How Many Calories Does Golf Burn? A Complete Breakdown

A group of golfers approaching a green.

Golf, just like many other outdoor sports, requires physical exertion that helps burn calories. From walking 18 holes carrying a 30-pound bag to riding 9 holes in a golf cart, there are many ways to burn calories playing golf.

So, how many calories does golf burn?

Golfers burn approximately 1,500-2,000 calories by playing an 18-hole round of golf. The number of calories burned by playing golf varies widely across golfing activities due to exertion level. Activities include hitting balls on the driving range, walking 9 or 18 holes, or riding in a cart for a round of golf.

The physical exertion that burns calories comes from swinging a golf club, walking up and down hills, carrying a golf bag, and squatting up and down to pick up golf balls and put tees into the ground.

The important distinction to remember with measuring the number of calories burned while playing golf is that it’s impossible to calculate the exact number of calories being burned. There are so many factors that affect that number including age, weight and gender as well as geographic and environmental conditions like temperature and elevation change.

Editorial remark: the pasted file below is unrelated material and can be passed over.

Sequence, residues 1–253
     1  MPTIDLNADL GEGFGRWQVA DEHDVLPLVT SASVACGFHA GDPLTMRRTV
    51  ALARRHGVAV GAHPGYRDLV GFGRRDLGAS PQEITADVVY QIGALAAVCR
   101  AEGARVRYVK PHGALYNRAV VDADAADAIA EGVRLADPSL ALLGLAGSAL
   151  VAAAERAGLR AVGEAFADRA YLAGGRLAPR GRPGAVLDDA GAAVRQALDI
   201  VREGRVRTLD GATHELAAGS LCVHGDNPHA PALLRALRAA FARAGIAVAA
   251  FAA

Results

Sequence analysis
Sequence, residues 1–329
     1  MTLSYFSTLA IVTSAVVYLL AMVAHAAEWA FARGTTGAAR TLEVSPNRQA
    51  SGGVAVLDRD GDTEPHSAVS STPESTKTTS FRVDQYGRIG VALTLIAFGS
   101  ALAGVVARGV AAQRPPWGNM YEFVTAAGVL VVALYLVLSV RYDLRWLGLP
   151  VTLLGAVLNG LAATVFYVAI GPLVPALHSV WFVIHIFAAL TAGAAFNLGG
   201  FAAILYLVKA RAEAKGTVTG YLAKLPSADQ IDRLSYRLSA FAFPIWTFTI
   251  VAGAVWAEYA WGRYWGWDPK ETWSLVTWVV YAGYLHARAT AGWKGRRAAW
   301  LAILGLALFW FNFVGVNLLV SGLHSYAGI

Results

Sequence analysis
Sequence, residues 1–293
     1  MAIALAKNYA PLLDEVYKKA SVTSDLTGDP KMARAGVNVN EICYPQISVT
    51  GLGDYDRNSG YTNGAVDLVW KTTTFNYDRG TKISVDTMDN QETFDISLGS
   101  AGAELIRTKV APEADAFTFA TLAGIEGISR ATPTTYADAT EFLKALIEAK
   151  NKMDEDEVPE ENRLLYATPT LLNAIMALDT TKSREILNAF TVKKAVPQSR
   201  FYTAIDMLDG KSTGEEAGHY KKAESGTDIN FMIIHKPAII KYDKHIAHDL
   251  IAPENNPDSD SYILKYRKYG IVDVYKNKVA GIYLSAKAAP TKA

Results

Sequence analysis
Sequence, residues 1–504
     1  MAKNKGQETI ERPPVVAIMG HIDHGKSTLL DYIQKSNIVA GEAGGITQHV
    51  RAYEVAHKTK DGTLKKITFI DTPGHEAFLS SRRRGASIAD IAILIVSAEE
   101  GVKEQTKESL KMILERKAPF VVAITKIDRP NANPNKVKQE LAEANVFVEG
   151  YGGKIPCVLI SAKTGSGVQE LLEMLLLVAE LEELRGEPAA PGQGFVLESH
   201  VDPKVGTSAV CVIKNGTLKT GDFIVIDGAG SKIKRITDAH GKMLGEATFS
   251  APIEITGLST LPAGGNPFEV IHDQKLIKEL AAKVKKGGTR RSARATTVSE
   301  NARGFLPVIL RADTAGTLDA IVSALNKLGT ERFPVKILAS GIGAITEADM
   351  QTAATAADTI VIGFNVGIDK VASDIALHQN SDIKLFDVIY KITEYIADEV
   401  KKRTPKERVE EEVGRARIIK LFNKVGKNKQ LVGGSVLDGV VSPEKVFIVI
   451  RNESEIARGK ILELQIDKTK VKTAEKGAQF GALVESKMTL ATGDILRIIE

How Far Do You Walk During a Round of Golf?

A golfer can expect to walk between 3 ½ – 6 miles per round of golf with the difference coming in whether or not the golfer is riding in a golf cart or walking the golf course.

Several factors that influence how much walking a golfer can expect over the course of an 18-hole round including:

  • The total distance of the golf course. There are usually 3-6 sets of tees on a golf course, each with different lengths to match the playing abilities of all types of golfers. Most tee markers will range from 5,500-5,700 yards at the forward tee box to 6,800-7,000 yards from the back tee box. For reference, 6,800 yards equals just under 4 miles.
  • The number of shots taken. A golfer that hits fewer shots is likely to be playing better, which means they have better accuracy and hit the ball down the middle of the fairway. With fewer deviations on the straight line from tee to green, the golfer will take fewer steps.